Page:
Massa Maintains 113th Texas Amateur Lead through 36 Holes
TYLER – They say one of the hardest things to do in golf is follow a great round with another one the very next day. Bobby Massa faced that pressure Friday in the second round of the 113th Texas Amateur at Willow Brook Country Club. Massa wouldn’t call his 2-under-par 69 a “great” round, but it certainly was good enough.
Paired with his spectacular 9-under 62 in Thursday’s first round, Massa through 36 holes sits at 11-under 131 for the 72-hole major championship. The 34-year-old reinstated mid-amateur from Dallas leads by three shots over a trio of talented college players.
“I got off to a rough start,” Massa said of his play Friday. “I hit a bad drive on No. 1 and made a bogey, then I three-putted the fourth green for another bogey. I couldn’t get it going early.”
Massa steadied himself with an eight-foot birdie on No. 7. Then he chipped in for eagle from about 60 feet on the par-4 eighth hole.
“That turned things around, and I kind of coasted home from there,” he said. “I didn’t have my best stuff today, but I still got it to the house.”
Massa was a standout collegiate player at the University of Texas at Arlington from 2006-10. He turned professional and was named the 2012 All Pro Tour’s Player of the Year with five Top-25 finishes in six starts. He broke through for his first professional win at the 2014 Golfcrest Classic in Pearland, but the good vibes didn’t last long.
“I got the swing yips. I couldn’t break 80,” Massa said. “I stopped playing in 2015. I wasn’t hitting it very good; I was over-practicing and super-stressed. The harder I practiced, the worse I was getting.”
He didn’t quit the game completely – he played casually about once a month – but he went more than three years without playing competitively. Massa turned his attention to fitness in the meantime. He’s a speed trainer now; he works with golfers in the Dallas-Fort Worth area gain greater swing speeds. Massa leads by example in the regard. His driver swing speed is around 128-130 mph.
In 2020, Massa regained his amateur status from the USGA and has only recently started playing in tournaments again.
“I never stopped thinking about the game,” he said. “I just love golf.”
One of his first events was the 2022 North Four-Ball at Tempest Golf Club with his buddy Chris Wheeler, who was the 2021 Texas Player of the Year. Massa and Wheeler combined to shoot 12-under over 36 holes and got into a three-team playoff. Massa drained a birdie putt on the third extra hole to get the victory with Wheeler, who this week is T52 at 2-over 144 at Willow Brook.
Now he’s 36 holes away from his second amateur win this summer. To get his name etched on the H.L. Edwards Memorial Trophy, however, he’ll have to fend off a herd of spirited competitors. Most notably, Holden Wisener, an SMU junior from Dallas, and two Arkansas Tech teammates: Francois Jacobs from League City, and Hayes Hamilton from Kingwood.
Wisener, Jacobs, and Hamilton are tied for second place at 8-under 134. They trail Massa by three shots. Wisener and Jacobs both shot 5-under 66s in the second round, which were the low scores of the day. Hamilton shot 68 on Friday.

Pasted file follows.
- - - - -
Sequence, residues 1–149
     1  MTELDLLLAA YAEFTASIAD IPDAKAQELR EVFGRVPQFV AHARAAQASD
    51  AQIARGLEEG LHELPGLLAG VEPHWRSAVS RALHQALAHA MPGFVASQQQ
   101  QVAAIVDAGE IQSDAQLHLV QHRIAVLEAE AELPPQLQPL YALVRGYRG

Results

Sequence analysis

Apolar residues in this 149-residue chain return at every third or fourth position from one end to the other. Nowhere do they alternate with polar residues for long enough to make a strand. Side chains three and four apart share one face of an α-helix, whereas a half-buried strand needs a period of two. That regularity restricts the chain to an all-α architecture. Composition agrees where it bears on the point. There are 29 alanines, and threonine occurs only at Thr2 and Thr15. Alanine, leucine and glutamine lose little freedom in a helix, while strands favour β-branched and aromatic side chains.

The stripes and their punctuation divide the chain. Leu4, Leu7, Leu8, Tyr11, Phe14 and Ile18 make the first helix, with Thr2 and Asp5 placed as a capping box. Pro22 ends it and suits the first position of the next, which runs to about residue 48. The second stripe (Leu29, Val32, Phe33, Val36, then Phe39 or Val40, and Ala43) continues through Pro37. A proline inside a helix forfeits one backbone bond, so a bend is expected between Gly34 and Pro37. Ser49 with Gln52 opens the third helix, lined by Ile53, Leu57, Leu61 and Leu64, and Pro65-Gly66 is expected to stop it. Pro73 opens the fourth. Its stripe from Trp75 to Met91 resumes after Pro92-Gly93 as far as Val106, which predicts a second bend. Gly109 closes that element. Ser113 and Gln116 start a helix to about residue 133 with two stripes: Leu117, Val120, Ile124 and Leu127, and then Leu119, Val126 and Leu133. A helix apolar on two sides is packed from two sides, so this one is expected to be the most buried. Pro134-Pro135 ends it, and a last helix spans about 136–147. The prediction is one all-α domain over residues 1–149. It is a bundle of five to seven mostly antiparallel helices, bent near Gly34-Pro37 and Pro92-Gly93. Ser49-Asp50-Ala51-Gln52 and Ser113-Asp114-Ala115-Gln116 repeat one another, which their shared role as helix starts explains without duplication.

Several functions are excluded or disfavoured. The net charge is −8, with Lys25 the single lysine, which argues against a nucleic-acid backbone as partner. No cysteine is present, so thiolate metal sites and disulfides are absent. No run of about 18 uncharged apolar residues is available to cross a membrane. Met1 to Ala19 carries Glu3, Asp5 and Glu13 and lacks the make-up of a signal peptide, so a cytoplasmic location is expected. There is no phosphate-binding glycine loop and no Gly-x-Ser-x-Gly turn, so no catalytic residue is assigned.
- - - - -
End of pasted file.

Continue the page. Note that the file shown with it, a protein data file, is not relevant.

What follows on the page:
Matthew Griggs, a Louisiana-Monroe University junior from McKinney, and Jason Schultz, another reinstated mid-amateur, are tied for fifth place at 7-under 135, four shots back from Massa.
Thirty-three players are in red numbers through two rounds, and 58 competitors advanced through Friday’s 36-hole cut at 2-over 144. The classic, old school Willow Brook course played to a stroke average of 72.81 in the second round.
Friday’s weather started off a lot like Thursday, which is to say it was hot. By 11:30 a.m., it was 91 degrees with a heat index of 98. By 3 p.m., it was 96 degrees and a heat index of 104.
Things changed around 4 p.m., when some pop-up showers and lightning moved in. The TGA Staff had to suspend play at 4:14 p.m. for a dangerous situation with lightning in the area. After a quick rain shower that included a little small hail, play resumed at 5:59 p.m. The suspension of play lasted 1 hour, 45 minutes. The golf course received a half-inch of rain during the delay.
What’s In a Name?
The winner of the Texas Amateur receives custody of the H.L. Edwards Memorial Trophy, named in honor of Harry Lee Edwards, also known as the “Father of Golf in Texas.”
Edwards earned the nickname because he helped to establish the TGA in February of 1906, served as its first president, and won the inaugural Texas Amateur Championship. Edwards also was a founding member of Dallas Country Club and Brook Hollow Golf Club.
PGA Tour Success
Nine former Texas Amateur champions have combined for a remarkable 57 wins on the PGA Tour. Ben Crenshaw, the 1972 Texas Amateur champ, leads the way with 19 PGA Tour victories. Bruce Lietzke (who won the Texas Am in 1971) has 13 PGA Tour wins.
Mark Brooks (1979, 1981) won seven times on the PGA Tour. Three-time Texas Am winner Scott Verplank (1982, 1984-85) had five wins. Bob Estes (1988) won four times on the PGA Tour. Charles Coody (1959) won three times. Earl Stewart, Jr. (1947) also won three times on the PGA Tour.
Don Massengale (1958) won twice on the PGA Tour, and Marty Fleckman, winner of the 1964 Texas Amateur at Willow Brook, won once on the PGA Tour.
Round 3 of 113th Texas Amateur begins Saturday at 8 a.m. For more information, including complete scoring, click here.